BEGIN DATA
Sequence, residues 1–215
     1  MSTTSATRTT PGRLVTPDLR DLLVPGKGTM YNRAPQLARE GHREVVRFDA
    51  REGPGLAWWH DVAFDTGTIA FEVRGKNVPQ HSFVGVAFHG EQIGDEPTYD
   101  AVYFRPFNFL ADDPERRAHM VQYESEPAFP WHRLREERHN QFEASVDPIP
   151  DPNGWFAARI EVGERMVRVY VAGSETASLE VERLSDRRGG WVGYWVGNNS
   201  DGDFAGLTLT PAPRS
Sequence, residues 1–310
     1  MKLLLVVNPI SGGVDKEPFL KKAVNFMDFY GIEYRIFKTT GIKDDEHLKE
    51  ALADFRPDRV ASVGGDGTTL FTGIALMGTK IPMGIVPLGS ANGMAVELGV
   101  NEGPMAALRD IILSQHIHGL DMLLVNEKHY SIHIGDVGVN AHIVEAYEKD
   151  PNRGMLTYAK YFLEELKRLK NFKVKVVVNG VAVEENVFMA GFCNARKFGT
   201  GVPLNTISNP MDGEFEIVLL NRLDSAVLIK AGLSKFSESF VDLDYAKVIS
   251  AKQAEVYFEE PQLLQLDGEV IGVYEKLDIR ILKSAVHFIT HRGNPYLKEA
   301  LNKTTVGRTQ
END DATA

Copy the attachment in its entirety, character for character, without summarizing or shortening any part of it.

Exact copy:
Sequence, residues 1–215
     1  MSTTSATRTT PGRLVTPDLR DLLVPGKGTM YNRAPQLARE GHREVVRFDA
    51  REGPGLAWWH DVAFDTGTIA FEVRGKNVPQ HSFVGVAFHG EQIGDEPTYD
   101  AVYFRPFNFL ADDPERRAHM VQYESEPAFP WHRLREERHN QFEASVDPIP
   151  DPNGWFAARI EVGERMVRVY VAGSETASLE VERLSDRRGG WVGYWVGNNS
   201  DGDFAGLTLT PAPRS
Sequence, residues 1–310
     1  MKLLLVVNPI SGGVDKEPFL KKAVNFMDFY GIEYRIFKTT GIKDDEHLKE
    51  ALADFRPDRV ASVGGDGTTL FTGIALMGTK IPMGIVPLGS ANGMAVELGV
   101  NEGPMAALRD IILSQHIHGL DMLLVNEKHY SIHIGDVGVN AHIVEAYEKD
   151  PNRGMLTYAK YFLEELKRLK NFKVKVVVNG VAVEENVFMA GFCNARKFGT
   201  GVPLNTISNP MDGEFEIVLL NRLDSAVLIK AGLSKFSESF VDLDYAKVIS
   251  AKQAEVYFEE PQLLQLDGEV IGVYEKLDIR ILKSAVHFIT HRGNPYLKEA
   301  LNKTTVGRTQ